Monday round-up

Kristina McKibben analyzes last Thursday’s decision in Department of Homeland Security v. Regents of the University of California, in which the court held that the government’s decision to terminate the DACA program, which allowed undocumented young people brought to this country as children to apply for protection from deportation, violated the procedural requirements prescribed for administrative agencies, at Subscript Law. In an op-ed for The New York Times, Linda Greenhouse observes that “[t...
Tags: Supreme Court, Law, New York City, Court, Atlantic, House, New York Times, Fox News, Npr, Kevin Johnson, Department Of Homeland Security, University Of California, Trump, Round-up, National Review, Stephens


Opinion analysis: Court rejects Trump administration’s effort to end DACA (Updated)

It has been eight years since the Obama administration created the Deferred Action for Childhood Arrivals program, known as DACA, which allows undocumented young adults who came to the United States as children to apply for protection from deportation. In 2017, the Trump administration announced that it would end the program, which it believed had been illegal in the first place. Today, by a vote of 5-4, the Supreme Court ruled that the administration acted improperly in terminating the program,...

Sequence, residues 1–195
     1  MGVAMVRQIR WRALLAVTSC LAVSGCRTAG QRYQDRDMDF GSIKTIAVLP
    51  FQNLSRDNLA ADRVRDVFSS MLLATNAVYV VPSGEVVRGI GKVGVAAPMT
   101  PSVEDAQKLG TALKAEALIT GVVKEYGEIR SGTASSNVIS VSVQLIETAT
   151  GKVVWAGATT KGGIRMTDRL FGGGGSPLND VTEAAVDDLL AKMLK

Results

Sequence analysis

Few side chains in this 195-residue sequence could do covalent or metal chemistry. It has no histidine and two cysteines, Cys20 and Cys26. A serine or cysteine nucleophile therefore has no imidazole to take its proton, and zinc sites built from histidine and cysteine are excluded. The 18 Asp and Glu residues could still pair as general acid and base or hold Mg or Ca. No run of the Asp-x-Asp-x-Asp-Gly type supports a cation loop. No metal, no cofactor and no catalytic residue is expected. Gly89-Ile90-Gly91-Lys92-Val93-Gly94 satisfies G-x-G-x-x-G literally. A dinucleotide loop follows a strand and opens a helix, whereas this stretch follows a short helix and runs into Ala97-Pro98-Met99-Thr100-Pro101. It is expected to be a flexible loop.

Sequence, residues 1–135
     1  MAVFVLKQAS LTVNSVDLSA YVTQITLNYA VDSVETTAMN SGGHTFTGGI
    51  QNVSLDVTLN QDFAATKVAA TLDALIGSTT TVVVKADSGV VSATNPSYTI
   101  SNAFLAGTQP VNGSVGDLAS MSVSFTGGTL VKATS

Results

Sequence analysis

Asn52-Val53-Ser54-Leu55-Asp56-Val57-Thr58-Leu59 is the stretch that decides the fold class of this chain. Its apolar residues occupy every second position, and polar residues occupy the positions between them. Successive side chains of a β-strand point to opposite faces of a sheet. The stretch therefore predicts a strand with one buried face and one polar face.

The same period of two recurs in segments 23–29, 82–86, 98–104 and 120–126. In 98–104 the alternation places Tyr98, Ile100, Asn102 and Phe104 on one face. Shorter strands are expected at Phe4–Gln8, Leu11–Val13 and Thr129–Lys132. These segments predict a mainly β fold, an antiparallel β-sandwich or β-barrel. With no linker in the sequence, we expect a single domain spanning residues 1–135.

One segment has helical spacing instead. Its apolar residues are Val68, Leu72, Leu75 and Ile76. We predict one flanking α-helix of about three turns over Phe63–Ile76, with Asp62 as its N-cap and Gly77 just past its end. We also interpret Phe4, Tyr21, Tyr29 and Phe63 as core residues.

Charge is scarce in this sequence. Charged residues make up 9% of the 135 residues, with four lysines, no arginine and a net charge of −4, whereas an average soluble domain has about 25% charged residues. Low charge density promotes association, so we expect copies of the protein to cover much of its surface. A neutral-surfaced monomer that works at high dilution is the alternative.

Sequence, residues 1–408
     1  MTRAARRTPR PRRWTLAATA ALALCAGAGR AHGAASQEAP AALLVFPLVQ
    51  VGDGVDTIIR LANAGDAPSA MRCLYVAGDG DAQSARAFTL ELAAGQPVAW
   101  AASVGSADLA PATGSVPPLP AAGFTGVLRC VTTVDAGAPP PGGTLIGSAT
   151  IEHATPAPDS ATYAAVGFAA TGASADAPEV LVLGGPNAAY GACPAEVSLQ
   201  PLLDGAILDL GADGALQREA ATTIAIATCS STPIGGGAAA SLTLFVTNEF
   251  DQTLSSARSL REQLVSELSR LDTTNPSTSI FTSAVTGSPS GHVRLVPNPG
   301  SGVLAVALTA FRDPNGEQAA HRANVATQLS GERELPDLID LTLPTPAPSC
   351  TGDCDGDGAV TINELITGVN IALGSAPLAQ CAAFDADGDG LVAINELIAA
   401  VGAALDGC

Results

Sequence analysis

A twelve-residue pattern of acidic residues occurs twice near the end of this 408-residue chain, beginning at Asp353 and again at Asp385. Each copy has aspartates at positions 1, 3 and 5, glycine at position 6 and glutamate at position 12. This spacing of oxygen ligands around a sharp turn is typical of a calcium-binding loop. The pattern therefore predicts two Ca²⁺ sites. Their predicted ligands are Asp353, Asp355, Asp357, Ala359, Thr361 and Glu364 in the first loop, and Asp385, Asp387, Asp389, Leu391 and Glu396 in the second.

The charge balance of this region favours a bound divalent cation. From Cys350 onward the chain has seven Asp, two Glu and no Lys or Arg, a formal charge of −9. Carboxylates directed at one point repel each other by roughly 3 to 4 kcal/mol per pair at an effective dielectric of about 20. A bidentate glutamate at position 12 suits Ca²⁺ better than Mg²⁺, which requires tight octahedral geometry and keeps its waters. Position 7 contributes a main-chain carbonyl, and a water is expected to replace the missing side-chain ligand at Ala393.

Tags: New York, Featured, Supreme Court, Microsoft, Law, Obama, Congress, California, Mexico, Dhs, United States, Nielsen, District Of Columbia, Donald Trump, Department Of Homeland Security, Duke


Thursday round-up

Amy Howe reports for this blog, in a post that first appeared at Howe on the Court, that “[a]fter just under three years (and three Supreme Court terms) on the job, Noel Francisco announced today that he would step down as the solicitor general of the United States, effective July 3, 2020.” According to Jessica Gresko at AP, “[i]t is common for people in the job to leave in the summer, when the Supreme Court takes a break, before a presidential election.” For The Washington Post (subscription re...
Tags: Supreme Court, Law, Congress, Washington Post, Court, Bloomberg, Ap, United States, Liberty, New York Times, Philadelphia, Donald Trump, Francisco, DOE, Forest Service, Trump


Why Gorsuch’s Textualist Approach In Bostock Is Not A Trap

Many are understandably, but also perhaps mistakenly, wary that Justice Gorsuch’s textualist opinion will be used to subvert a broader protection of rights.